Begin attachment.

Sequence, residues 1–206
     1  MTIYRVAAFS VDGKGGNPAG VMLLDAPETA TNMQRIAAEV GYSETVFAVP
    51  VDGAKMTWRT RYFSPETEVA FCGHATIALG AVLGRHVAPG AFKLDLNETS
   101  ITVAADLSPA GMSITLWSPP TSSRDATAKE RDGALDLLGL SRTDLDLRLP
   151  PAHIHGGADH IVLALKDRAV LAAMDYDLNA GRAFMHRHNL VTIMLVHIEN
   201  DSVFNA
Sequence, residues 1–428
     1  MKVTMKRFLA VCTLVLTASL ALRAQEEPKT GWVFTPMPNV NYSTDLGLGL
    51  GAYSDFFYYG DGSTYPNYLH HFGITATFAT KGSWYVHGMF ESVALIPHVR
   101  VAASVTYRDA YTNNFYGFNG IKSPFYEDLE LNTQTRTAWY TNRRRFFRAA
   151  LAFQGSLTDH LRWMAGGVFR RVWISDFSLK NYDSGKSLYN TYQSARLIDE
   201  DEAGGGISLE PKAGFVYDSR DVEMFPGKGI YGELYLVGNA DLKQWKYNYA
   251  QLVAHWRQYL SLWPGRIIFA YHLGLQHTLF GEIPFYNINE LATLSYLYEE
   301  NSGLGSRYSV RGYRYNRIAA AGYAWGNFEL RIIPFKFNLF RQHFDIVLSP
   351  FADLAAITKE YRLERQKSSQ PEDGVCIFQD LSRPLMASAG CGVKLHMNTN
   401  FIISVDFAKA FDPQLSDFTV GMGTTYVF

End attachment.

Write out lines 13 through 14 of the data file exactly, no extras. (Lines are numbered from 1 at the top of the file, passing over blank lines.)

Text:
   251  QLVAHWRQYL SLWPGRIIFA YHLGLQHTLF GEIPFYNINE LATLSYLYEE
   301  NSGLGSRYSV RGYRYNRIAA AGYAWGNFEL RIIPFKFNLF RQHFDIVLSP